7 Brochure Design Tips for Your Home Business

7 Brochure Design Tips for Your Home Business
Source: Mila Supinskaya Glashchenko/Shutterstock.com

Every business, no matter the size, needs effective marketing tools to help grow its customer base. Brochures are a great marketing tool because they allow your business to share important information and key services in a friendly, non-salesy way. A well-designed brochure attracts readers and helps you increase your credibility. The brochure should teach audiences about your business and prompt them to take action.

The right brochure design can make or break its success as a marketing tool. Every detail matters, from the copy and images to the paper and printer supplies used. It’s important to create a brochure with useful information so the reader will want to keep it and refer back to it.

When readers see how helpful your business is, they’re more likely to become customers. Use these design tips to help create an effective brochure for your home business.

1. Establish Your Purpose

Every brochure has a purpose and objectives it should help your business achieve. Your first step is to identify what your goals are for this brochure. You have to know who you’re designing it for and how to distribute the final product.

Ask yourself questions like:

Is this brochure for my entire audience, or am I targeting a specific group?

How does my audience affect the copy and images I need to use for my brochure?

Will I distribute my brochure by mail, by hand or in other places of business?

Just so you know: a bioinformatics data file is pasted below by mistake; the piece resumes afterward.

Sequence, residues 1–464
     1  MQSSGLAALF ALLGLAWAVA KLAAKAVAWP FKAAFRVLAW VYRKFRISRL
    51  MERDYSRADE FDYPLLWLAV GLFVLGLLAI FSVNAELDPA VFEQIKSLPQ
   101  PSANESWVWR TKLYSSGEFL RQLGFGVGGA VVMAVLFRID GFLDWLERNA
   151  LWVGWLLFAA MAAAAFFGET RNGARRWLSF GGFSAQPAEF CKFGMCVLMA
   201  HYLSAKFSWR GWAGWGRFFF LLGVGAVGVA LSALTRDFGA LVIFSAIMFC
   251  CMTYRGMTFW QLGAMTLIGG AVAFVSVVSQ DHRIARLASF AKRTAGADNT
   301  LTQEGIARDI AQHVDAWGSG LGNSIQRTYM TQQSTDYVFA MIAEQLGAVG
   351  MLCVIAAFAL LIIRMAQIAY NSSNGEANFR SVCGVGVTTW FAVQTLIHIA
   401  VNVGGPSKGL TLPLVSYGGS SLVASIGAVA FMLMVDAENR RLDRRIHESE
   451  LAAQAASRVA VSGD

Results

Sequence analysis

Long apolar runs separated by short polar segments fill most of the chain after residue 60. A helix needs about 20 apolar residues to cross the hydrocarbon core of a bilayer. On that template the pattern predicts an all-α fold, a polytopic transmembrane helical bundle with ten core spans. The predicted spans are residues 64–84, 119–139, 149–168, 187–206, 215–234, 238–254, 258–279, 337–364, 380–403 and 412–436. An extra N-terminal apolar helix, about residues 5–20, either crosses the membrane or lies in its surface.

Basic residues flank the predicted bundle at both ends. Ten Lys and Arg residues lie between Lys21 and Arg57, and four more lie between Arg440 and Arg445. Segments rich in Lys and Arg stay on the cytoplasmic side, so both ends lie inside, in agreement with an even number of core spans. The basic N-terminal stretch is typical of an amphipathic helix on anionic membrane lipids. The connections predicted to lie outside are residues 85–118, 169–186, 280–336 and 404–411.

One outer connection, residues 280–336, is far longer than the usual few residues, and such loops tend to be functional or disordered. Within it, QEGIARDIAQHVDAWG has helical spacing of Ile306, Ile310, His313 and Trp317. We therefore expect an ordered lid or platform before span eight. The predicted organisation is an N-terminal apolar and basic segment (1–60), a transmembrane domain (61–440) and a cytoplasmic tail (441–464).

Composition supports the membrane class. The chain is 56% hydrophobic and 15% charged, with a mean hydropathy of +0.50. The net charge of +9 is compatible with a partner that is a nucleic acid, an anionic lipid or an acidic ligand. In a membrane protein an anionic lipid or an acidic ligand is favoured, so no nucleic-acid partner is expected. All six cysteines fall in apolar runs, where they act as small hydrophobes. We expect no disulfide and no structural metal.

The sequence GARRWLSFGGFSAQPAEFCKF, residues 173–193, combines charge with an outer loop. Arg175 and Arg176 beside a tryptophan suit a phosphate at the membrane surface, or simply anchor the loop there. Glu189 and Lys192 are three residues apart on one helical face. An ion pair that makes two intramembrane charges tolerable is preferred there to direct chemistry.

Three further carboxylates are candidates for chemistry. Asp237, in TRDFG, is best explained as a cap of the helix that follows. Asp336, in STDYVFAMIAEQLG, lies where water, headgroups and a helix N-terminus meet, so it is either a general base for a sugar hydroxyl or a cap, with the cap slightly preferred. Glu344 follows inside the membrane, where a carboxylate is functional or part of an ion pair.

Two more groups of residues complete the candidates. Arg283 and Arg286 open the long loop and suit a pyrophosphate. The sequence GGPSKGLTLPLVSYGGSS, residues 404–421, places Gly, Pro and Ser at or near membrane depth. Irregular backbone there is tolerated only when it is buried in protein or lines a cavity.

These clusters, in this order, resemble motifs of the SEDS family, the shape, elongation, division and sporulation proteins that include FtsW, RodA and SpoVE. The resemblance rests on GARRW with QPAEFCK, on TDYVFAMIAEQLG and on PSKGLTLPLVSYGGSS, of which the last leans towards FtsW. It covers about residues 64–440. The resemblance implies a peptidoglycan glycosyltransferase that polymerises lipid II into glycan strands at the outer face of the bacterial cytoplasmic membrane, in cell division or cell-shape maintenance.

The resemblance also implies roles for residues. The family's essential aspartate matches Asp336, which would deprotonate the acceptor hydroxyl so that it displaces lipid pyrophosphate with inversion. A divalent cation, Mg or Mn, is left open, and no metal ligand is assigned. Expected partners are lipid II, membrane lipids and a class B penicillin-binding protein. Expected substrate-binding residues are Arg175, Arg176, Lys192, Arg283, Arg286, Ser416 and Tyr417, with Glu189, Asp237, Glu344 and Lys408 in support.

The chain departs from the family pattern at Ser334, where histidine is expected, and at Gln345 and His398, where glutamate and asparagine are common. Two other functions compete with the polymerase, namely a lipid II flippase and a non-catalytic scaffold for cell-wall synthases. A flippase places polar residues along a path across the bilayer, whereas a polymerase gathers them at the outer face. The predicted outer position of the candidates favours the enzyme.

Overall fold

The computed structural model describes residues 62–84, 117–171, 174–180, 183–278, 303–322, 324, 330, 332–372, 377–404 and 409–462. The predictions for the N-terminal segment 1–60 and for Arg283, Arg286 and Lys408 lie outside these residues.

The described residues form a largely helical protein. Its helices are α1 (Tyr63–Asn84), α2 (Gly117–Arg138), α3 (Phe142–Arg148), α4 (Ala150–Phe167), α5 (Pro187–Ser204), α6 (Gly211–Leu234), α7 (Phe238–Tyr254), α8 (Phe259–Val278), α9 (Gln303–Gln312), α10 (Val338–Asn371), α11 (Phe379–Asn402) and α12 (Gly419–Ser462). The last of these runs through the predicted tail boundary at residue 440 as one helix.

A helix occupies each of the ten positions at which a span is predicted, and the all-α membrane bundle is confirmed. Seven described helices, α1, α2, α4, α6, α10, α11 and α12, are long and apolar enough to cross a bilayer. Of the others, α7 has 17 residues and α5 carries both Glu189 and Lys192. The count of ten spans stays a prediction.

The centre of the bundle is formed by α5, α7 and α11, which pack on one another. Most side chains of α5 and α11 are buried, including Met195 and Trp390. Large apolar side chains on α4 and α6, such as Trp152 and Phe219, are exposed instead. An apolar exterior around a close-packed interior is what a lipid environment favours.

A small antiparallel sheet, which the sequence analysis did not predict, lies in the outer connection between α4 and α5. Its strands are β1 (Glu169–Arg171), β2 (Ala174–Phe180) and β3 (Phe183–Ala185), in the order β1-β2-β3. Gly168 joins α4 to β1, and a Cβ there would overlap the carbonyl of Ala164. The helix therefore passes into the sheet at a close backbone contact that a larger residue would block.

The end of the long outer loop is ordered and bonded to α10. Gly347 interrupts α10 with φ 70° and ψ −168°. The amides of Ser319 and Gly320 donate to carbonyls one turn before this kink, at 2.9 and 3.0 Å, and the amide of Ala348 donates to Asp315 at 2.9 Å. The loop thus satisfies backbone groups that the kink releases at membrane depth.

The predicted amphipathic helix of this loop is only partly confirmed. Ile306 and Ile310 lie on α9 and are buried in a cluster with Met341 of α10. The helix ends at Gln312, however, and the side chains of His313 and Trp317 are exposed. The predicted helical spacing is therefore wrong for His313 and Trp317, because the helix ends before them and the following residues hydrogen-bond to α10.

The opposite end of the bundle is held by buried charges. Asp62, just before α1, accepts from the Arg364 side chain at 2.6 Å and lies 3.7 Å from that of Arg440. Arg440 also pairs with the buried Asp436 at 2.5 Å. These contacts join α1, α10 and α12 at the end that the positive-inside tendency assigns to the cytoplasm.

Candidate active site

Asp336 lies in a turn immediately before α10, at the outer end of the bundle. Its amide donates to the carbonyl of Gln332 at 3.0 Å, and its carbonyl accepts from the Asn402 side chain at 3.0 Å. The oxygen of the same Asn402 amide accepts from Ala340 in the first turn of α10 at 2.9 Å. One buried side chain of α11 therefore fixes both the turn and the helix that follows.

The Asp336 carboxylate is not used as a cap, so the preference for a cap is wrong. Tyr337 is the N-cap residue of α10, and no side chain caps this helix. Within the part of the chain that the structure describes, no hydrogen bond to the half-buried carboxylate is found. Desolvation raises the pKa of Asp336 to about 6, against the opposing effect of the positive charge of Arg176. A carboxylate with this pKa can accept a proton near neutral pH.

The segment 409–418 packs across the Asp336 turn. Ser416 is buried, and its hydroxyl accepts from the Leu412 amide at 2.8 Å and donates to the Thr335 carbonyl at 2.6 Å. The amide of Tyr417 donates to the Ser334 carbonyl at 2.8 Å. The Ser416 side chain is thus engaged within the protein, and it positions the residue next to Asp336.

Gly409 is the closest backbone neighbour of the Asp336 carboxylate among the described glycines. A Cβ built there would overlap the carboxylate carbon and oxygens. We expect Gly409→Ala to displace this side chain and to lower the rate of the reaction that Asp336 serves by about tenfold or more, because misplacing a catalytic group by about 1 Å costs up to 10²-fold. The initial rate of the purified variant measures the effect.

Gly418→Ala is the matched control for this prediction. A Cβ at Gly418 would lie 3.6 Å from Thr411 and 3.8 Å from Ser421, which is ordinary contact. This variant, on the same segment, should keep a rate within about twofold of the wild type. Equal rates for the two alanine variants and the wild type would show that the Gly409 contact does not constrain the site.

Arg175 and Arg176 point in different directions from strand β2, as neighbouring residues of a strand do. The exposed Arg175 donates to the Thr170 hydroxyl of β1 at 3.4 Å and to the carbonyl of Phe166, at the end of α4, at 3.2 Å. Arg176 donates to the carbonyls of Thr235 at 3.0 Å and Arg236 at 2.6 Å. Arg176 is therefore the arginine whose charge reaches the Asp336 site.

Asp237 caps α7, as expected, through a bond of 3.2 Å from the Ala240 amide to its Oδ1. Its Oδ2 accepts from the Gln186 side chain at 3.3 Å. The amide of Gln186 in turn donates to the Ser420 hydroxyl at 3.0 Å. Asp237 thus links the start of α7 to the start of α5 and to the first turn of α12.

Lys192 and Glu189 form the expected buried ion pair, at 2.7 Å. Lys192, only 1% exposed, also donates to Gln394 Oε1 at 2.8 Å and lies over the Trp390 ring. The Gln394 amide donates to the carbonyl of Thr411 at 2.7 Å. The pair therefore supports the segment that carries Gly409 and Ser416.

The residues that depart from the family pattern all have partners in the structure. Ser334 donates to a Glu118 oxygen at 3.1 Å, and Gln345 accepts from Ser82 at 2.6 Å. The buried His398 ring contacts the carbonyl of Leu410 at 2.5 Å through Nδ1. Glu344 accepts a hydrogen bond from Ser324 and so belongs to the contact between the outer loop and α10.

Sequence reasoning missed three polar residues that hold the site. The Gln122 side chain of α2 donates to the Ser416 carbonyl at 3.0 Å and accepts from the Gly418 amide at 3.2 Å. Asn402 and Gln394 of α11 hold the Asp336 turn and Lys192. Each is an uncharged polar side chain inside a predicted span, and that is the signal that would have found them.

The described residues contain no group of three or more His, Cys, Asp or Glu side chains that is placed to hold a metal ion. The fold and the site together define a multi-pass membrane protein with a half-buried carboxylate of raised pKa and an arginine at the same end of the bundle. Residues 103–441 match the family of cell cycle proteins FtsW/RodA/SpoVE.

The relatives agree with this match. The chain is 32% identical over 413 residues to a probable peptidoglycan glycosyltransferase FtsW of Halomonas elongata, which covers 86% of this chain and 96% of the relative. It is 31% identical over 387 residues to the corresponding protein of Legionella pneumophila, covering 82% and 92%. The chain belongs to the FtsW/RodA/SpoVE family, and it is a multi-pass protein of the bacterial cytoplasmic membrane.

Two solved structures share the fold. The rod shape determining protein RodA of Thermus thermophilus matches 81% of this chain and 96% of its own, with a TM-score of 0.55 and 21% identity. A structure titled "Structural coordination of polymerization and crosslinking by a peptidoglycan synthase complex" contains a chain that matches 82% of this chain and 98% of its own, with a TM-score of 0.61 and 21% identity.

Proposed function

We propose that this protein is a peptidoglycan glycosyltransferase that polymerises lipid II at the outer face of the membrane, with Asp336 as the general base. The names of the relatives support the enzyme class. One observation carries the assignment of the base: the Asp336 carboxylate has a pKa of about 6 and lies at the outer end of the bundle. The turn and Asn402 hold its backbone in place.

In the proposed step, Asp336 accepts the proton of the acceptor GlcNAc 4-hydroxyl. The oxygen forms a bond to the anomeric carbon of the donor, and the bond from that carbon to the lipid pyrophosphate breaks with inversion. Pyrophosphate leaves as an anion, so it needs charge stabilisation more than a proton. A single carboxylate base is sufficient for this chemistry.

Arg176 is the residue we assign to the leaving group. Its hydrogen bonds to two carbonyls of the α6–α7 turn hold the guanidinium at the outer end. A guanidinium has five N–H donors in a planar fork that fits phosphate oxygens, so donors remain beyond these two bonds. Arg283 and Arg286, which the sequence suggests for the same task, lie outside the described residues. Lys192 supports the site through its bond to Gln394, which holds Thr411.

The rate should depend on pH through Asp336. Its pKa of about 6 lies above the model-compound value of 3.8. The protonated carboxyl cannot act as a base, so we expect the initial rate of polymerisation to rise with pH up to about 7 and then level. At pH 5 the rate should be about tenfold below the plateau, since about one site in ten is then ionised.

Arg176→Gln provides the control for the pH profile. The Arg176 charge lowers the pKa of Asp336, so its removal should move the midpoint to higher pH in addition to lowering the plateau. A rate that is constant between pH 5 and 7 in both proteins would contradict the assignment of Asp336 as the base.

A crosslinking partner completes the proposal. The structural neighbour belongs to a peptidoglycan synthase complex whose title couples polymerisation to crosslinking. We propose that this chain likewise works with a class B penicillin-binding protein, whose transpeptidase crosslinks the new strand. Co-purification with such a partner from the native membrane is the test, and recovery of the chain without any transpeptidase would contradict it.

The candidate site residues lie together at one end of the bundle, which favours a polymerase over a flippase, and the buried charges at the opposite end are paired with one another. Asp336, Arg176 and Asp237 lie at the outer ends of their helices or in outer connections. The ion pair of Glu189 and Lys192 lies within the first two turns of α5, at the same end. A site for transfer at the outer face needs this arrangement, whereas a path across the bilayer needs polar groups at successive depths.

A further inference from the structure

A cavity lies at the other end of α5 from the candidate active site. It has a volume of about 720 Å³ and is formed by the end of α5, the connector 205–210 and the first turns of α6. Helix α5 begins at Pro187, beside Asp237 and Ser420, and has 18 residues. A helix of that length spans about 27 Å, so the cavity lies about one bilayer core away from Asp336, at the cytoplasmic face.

Where should I distribute my brochure to reach my target audience?

You also need to establish the results you hope to achieve before designing your brochure. Are you looking for more clients or customers or just trying to increase your brand awareness? Your brochure information and design will differ if your business is new and looking for recognition versus an established business.

You may want to offer incentives in your brochure if you’re trying to attract new customers. You won’t make an effective brochure unless you understand its purpose first.

2. Have Your Copy and Images Ready

You’ll be able to develop the messaging and images for your brochure once you establish its purpose. Your copy’s tone and language should meet your objectives and be appropriate for the audience you’re targeting. Make sure the images and artwork you intend to use are high resolution because lower resolution images can look washed out and unprofessional once they’re printed on a physical brochure.

Too much copy in large blocks can overwhelm your reader, so include only important information that’s easy for your reader to scan through. Use headings and subheadings to break up your text and add structure to your information. Consider using bullet points or numbered lists to help you get your message across to readers quickly.

The length of your copy and the number of images you use affects your brochure’s layout, formatting and length. You can’t design your brochure without having your images and copy ready.

Have Your Copy and Images Ready
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3. Know Which Folds Work Best

Brochures come in many sizes and designs, so you’ll have to figure out which type of brochure fold is right for you. Your fold choice should complement your copy, so base your decision on the length and layout of the information you want to share.

Bifold brochures have a cover your reader will flip open to reveal information inside over two panels. You can also print information on the back panel.